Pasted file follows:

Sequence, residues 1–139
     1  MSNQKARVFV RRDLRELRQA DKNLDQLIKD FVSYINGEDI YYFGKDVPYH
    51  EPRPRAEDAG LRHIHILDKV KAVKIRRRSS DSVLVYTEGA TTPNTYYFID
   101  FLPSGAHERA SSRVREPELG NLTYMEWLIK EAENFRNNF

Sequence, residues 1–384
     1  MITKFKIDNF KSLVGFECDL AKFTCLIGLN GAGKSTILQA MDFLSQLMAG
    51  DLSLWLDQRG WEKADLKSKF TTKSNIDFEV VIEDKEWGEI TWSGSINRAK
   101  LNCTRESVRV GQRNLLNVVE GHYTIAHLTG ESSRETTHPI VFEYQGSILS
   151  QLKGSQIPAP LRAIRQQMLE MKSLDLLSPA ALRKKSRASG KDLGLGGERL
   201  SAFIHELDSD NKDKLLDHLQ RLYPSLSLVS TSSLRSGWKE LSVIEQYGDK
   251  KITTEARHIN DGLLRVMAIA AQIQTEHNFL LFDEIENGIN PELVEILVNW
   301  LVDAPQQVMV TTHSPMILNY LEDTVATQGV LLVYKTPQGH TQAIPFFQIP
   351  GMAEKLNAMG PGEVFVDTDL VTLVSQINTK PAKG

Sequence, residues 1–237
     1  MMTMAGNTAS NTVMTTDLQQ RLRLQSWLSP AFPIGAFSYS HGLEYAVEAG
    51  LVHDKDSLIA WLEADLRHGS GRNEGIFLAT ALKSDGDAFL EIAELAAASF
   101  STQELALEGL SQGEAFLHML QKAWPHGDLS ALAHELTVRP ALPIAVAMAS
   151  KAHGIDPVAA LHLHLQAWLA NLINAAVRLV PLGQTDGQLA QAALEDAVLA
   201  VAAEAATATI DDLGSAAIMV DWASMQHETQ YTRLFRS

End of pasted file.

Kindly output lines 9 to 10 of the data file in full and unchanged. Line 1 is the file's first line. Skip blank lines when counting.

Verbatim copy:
   151  QLKGSQIPAP LRAIRQQMLE MKSLDLLSPA ALRKKSRASG KDLGLGGERL
   201  SAFIHELDSD NKDKLLDHLQ RLYPSLSLVS TSSLRSGWKE LSVIEQYGDK